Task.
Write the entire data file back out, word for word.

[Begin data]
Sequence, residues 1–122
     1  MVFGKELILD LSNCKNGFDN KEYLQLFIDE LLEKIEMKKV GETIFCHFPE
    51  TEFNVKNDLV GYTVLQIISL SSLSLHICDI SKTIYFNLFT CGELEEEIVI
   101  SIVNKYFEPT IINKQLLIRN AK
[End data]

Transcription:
Sequence, residues 1–122
     1  MVFGKELILD LSNCKNGFDN KEYLQLFIDE LLEKIEMKKV GETIFCHFPE
    51  TEFNVKNDLV GYTVLQIISL SSLSLHICDI SKTIYFNLFT CGELEEEIVI
   101  SIVNKYFEPT IINKQLLIRN AK